Spotify shrinks revenue for non-music tracks

Spotify announces to only compensate tracks that generate more than 1000 streams
A representational image displays the logo of Spotify. — Unsplash
A representational image displays the logo of Spotify. — Unsplash

In a significant development, Spotify has introduced a new royalty system that will minimise earnings from functional noises, such as the sound of rainfall, compared to traditional music files.

The move comes as part of Spotify's strategy to tackle "bad actors" who exploit the system to generate revenue illicitly.

Nature sounds, white noise, sound effects, and silence recordings will fall under the category of functional noise.

The company revealed plans to increase the minimum track length for functional noise recordings to two minutes and to value streams of these sounds at a "fraction of the value" of music track streams.

The decision by the streaming platform has closed the window of exploitation for the creators of functional sounds, which they did to supplement their revenues in return for little effort.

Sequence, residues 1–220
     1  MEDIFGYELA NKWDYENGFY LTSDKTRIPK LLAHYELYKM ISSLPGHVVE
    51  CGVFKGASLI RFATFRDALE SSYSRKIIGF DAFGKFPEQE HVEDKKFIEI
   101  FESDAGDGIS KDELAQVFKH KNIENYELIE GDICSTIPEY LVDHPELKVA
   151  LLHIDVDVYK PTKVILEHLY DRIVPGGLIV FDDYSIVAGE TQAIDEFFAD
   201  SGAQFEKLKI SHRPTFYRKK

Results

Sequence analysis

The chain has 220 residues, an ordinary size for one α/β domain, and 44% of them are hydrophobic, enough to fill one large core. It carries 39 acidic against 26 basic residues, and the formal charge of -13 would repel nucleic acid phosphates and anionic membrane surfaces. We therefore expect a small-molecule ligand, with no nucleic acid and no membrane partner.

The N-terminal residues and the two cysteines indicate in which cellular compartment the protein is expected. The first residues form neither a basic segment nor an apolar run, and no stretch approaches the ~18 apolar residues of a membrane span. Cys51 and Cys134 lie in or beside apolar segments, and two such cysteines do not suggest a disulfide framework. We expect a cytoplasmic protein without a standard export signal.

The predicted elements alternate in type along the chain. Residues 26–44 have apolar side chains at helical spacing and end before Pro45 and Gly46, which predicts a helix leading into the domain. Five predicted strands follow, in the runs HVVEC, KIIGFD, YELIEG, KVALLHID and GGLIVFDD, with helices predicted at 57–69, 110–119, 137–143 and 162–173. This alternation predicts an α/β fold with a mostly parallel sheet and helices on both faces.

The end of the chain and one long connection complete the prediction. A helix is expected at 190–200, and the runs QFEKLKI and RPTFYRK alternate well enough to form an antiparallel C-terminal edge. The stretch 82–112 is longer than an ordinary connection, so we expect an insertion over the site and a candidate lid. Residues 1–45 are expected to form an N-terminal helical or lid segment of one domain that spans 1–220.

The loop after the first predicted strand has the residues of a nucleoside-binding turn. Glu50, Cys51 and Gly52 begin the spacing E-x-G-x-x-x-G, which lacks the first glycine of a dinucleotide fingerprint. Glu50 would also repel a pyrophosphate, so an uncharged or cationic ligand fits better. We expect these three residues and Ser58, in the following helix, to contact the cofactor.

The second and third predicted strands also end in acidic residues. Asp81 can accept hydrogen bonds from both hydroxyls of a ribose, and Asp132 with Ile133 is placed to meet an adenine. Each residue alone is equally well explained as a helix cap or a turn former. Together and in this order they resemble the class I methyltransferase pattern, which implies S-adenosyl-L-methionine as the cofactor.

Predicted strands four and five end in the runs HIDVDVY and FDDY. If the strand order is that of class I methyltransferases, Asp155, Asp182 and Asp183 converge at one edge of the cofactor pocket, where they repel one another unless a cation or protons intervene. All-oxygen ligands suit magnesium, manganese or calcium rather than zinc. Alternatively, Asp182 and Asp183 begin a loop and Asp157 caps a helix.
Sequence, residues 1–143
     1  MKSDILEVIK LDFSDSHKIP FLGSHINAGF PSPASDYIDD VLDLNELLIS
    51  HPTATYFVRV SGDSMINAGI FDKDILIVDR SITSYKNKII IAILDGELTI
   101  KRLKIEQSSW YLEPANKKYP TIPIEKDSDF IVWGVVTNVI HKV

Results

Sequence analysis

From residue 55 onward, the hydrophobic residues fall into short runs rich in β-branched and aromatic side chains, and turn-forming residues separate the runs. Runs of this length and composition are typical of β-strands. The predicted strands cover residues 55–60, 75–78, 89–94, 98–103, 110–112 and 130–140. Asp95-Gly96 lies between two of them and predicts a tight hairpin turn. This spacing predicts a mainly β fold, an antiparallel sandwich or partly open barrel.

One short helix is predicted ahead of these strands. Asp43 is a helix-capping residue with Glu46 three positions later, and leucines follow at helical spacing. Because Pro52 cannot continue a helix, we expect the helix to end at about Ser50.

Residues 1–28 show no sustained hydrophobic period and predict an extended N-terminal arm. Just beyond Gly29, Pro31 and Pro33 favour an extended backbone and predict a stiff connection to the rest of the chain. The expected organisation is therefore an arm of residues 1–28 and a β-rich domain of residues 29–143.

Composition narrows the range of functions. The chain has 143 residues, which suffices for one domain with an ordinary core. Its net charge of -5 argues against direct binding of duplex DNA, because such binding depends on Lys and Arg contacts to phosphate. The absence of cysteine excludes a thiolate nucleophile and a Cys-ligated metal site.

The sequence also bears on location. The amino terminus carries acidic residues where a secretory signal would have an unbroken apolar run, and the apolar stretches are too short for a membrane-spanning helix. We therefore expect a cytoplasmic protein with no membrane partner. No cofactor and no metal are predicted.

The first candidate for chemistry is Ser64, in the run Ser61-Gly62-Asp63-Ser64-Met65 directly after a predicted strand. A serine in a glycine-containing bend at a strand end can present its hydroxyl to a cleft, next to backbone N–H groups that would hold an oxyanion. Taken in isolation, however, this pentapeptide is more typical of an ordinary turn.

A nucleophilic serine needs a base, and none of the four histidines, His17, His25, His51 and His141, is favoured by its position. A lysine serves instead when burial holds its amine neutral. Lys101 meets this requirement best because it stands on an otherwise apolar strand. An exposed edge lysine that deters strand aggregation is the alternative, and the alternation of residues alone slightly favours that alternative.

Since streaming payout is also measured by the number of times the music is played, creators have been shortening sounds to as little as 30 seconds to gather huge streaming numbers and revenue.

While the exact devaluation of these streams has not been specified, Billboard reported that functional tracks would now be worth one-fifth of their music counterparts.

The equal valuation of a stream containing white noise and a stream by a renowned artist like Ed Sheeran has been driving controversies in the music industry.

While expressing dissent over this model, Warner Music Group CEO Robert Kync said, "It can’t be that an Ed Sheeran stream is worth exactly the same as a stream of rain falling on the roof."

In an attempt to curb fraudulent behaviour, Spotify also announced it would charge labels and distributors on a per-track basis if suspected "flagrant" artificial streaming occurred. Moreover, the platform will only compensate tracks that generate more than 1000 streams.